The Sardinia Bay Golf & Wildlife Estate is showing its strong “green” credentials by recycling treated sewage water and using it for irrigation.
Dave Russell of Clear Edge Projects says they have constructed a site-specific sewage treatment plant on the estate that is linked to the irrigation system.
He says each household has a septic tank from which sewage water and grey water is piped to a central pump station on the estate.
The water is then transferred to the treatment plant, where it is purified.
“This water then goes directly to irrigation,” he said, adding that a series of ponds were designed for storage of excess water.
Plastic liners were used in the construction to prevent any contamination from groundwater and in so doing, a wetland was created.
“Once we installed the ponds it was reported that ducks were seen in the area for the first time,” Russell said.
“Then suddenly we had a whole host of birdlife coming in.”
The water in the ponds was safe for animals to drink, Russell added.
“It meets the Department of Water Affairs’ standards to be discharged to the environment.”
He praised civil engineer Jaco Spies, who was responsible for the work in preventing any potential pollution reaching the water system.
Russell said the estate’s purification plant was “possibly” the first privately owned sewage treatment facility in Port Elizabeth and that the water was primarily used to irrigate the golf course fairways and greens.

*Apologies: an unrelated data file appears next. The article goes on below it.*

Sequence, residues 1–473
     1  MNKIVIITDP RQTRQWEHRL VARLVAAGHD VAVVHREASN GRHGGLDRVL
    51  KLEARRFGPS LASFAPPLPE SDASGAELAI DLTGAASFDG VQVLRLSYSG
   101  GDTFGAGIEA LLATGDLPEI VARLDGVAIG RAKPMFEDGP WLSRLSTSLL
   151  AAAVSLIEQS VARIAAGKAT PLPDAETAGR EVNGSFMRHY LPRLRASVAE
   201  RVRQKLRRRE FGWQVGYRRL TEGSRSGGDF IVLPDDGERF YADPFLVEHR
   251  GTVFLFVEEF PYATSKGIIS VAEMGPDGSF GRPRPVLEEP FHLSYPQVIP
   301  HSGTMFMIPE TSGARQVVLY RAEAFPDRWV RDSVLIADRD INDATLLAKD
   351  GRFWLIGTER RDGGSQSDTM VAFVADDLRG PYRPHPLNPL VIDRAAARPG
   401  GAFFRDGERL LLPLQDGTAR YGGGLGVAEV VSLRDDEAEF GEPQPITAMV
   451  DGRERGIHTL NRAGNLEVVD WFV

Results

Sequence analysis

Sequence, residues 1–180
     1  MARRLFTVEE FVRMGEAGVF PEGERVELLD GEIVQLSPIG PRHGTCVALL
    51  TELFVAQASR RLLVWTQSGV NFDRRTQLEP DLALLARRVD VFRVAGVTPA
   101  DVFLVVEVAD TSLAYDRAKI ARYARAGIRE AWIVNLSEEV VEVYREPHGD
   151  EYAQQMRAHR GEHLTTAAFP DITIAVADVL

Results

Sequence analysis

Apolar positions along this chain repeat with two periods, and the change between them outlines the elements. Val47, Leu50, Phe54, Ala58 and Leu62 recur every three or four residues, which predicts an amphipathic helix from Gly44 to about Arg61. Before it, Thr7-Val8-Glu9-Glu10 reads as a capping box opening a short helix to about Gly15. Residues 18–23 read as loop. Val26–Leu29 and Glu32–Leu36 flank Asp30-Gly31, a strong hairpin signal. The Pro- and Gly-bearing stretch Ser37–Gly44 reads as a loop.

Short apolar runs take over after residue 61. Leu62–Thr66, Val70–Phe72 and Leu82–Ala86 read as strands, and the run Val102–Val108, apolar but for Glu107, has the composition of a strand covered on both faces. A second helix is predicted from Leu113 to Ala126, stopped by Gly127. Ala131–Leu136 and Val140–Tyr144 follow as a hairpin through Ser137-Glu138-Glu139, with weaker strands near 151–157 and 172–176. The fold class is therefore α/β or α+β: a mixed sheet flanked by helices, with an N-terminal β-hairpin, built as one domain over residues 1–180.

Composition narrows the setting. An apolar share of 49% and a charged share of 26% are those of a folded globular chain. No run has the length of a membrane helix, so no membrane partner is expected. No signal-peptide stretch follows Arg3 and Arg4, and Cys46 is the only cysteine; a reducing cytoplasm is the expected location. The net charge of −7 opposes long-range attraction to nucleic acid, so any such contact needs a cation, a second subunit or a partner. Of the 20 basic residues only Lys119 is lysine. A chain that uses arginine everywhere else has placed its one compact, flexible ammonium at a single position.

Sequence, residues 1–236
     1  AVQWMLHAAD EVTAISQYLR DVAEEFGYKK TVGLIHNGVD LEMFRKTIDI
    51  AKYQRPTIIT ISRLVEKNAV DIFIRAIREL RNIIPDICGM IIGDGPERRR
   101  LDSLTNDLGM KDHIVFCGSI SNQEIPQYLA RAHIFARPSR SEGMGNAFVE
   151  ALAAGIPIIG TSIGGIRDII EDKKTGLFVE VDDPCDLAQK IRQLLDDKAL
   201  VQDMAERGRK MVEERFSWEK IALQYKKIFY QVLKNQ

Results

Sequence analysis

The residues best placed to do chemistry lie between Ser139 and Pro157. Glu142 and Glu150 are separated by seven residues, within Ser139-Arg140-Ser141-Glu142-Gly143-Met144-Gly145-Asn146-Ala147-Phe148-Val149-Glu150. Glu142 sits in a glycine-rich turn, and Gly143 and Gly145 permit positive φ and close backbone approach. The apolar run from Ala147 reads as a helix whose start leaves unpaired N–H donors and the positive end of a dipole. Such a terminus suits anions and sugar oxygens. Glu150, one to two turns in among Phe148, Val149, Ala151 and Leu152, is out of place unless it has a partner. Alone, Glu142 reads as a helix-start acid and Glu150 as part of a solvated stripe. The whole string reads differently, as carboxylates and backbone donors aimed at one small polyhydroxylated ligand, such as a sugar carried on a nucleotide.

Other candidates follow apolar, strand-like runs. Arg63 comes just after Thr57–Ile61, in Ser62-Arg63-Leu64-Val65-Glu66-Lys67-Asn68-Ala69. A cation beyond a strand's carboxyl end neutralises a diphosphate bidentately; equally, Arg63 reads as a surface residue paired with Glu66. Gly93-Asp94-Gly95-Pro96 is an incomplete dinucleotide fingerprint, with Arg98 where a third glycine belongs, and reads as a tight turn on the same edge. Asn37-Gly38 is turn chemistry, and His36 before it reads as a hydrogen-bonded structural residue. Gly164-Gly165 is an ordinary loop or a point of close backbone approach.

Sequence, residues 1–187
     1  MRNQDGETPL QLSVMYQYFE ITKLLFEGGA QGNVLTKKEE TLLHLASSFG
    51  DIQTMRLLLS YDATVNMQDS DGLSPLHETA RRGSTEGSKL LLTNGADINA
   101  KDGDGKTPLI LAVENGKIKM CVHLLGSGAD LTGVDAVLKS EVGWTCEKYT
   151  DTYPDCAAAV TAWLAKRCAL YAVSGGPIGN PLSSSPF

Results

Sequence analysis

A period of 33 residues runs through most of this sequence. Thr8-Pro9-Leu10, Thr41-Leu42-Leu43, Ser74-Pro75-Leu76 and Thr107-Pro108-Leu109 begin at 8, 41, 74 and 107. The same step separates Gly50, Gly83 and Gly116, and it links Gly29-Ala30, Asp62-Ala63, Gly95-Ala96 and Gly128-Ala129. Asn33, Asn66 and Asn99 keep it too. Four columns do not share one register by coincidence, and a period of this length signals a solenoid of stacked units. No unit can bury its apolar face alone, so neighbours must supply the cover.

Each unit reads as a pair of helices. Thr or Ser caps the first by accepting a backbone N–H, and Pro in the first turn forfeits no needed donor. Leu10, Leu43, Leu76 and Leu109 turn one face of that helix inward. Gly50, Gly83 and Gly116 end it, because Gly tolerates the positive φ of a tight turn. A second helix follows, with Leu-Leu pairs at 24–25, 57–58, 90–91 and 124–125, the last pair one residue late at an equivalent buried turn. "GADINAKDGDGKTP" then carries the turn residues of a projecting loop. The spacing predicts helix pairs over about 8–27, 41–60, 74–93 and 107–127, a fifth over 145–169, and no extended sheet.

“If you look at the cost of water this system more than pays for itself,” he said.
“The water has a nice balance between nitrate and phosphate, which makes it good for irrigation.
“Instead of throwing tons of fertiliser onto the greens, the estate can rather use the treated sewage water.”
The ponds, Russell explained, not only served as a habitat for birds and wildlife on the estate, but also as storage for the treated water.
“It’s stored for irrigation and obviously you won’t irrigate when it rains, so then that’s when the ponds become even more useful,” he said, adding that before the ponds were built the site was merely a drainage area.
He said they were particularly cautious not to allow any linking of the treated water and the potable water supplied from the municipal grid, which was piped directly to the homes and clubhouse on the estate.
The treatment plant was designed to cater for the estate at “full capacity”, Russell added.
“We’re only currently running at about 20 to 25 per cent of the capacity.
“That bodes well for future development of the estate, because the more houses that get built the more water gets produced for irrigation purposes.
“We’ve already got another plant in phase two, but it’s on standby at the moment waiting for more houses to come online.”